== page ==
No matter how simple the user interface, your end users will need some kind of training as part of the onboarding process to your new cloud collaboration platform. Be clear on the goals of the platform (solving one problem at a time) and the gaps (differences with prior on premises platforms, as well as differences with freemium versions) and how end users can gain the most out of using the new platform. It’s also important to outline governance policies and procedures for the handling of sensitive data and key intellectual property. One strategy that has proven itself successful again and again is the creation of internal user groups with platform advocates or evangelists, who are “power users” who can provide the first line of support for questions on platform capability and governance best practices. Use the collaboration platform to encourage employees to help each other, and you’ll more quickly realize the benefits of the platform.

5. Have a backup plan.

As with any other production system, it is important to have a backup plan for your offline and online systems so that, in the case of an emergency or system failure, you can recover your data. For cloud services, understand the disaster recovery (access to your content) and business continuity (how long the system is down) aspects of your service, and make sure they adhere to your corporate governance policies. As part of your end user training, include offline access and backup instructions, as appropriate.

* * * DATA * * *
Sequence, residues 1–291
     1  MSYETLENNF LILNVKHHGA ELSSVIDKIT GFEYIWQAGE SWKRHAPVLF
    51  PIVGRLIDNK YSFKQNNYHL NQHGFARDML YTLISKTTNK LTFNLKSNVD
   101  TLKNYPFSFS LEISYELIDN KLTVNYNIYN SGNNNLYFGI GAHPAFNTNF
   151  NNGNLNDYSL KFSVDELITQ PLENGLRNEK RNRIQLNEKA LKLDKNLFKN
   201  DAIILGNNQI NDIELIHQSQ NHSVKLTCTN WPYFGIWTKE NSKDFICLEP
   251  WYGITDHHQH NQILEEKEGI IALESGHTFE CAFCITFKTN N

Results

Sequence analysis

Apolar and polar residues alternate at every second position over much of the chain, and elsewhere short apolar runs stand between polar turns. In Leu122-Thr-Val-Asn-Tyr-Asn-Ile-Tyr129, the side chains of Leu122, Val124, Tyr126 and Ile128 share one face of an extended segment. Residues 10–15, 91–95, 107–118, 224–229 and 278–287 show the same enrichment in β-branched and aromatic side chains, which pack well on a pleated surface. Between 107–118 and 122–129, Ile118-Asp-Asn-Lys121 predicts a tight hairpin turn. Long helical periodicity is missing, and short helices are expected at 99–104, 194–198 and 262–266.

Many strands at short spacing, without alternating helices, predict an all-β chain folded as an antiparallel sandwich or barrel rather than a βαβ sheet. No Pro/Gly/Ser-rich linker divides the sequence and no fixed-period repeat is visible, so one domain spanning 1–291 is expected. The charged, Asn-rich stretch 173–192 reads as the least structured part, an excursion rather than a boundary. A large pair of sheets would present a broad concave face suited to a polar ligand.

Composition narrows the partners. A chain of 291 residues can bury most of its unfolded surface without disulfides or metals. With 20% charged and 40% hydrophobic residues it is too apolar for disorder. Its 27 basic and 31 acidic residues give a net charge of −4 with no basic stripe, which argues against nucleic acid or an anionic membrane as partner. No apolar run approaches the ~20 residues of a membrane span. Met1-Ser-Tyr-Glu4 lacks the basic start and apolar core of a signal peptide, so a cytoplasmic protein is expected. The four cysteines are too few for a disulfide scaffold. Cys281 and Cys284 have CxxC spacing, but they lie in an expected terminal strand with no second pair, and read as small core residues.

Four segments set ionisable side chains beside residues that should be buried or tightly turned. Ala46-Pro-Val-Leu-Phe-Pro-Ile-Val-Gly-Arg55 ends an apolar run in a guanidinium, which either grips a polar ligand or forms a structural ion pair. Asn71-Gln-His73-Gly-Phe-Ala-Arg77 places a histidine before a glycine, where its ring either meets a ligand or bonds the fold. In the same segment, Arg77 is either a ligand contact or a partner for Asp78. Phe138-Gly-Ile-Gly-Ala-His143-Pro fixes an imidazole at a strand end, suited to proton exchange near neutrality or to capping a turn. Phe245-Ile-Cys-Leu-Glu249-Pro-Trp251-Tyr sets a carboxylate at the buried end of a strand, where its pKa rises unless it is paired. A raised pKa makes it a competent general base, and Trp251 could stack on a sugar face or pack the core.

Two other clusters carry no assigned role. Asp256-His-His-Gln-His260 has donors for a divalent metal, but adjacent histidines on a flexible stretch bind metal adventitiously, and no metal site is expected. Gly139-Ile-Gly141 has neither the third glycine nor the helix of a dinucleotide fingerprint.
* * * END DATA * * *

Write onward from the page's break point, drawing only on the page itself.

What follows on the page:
The advent of cloud collaboration platforms has dramatically reduced the technical and financial barriers to enterprise collaboration, but these solutions are rarely as simple as click-and-go. Unlike consumer-based technologies, enterprise-class platforms must still provide the security and administrative capabilities necessary for organizations to meet their unique compliance and governance requirements. The key to success, as these best practices describe, is to be thoughtful and thorough in your approach. That’s the primary difference between consumer and business collaboration — business alignment.

By Christian Buckley